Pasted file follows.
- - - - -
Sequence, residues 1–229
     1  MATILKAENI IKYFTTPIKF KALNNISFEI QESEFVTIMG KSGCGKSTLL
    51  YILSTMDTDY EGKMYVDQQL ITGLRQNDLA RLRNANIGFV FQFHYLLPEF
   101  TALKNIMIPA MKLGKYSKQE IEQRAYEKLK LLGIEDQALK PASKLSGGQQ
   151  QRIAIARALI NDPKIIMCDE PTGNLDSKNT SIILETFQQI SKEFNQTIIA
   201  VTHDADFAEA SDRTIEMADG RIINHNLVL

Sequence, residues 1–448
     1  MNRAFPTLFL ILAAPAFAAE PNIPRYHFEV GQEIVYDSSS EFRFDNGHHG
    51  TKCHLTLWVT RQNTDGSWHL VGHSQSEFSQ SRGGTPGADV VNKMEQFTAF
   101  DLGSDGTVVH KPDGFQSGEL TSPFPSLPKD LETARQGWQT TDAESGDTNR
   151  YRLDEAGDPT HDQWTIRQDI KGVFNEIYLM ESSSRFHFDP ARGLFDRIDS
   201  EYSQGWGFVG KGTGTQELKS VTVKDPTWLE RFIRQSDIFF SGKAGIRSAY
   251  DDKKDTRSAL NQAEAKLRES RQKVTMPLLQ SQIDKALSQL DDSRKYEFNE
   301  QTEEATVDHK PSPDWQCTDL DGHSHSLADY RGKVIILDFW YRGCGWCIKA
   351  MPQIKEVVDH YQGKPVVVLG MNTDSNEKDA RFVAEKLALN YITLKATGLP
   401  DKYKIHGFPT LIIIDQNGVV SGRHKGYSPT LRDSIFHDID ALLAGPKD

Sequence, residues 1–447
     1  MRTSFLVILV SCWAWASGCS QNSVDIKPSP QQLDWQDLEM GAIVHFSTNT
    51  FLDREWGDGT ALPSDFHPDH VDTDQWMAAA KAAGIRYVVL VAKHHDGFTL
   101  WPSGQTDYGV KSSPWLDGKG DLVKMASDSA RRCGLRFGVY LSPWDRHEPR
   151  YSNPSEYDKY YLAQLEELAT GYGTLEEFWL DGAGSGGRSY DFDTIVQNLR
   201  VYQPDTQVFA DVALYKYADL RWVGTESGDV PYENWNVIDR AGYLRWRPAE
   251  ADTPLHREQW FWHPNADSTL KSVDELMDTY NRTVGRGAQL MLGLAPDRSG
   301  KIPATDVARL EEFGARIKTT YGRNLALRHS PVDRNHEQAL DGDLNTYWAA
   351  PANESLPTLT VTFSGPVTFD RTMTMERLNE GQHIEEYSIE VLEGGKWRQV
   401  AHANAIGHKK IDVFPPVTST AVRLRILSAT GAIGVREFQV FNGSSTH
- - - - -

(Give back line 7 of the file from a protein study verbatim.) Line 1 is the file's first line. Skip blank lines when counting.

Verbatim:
Sequence, residues 1–448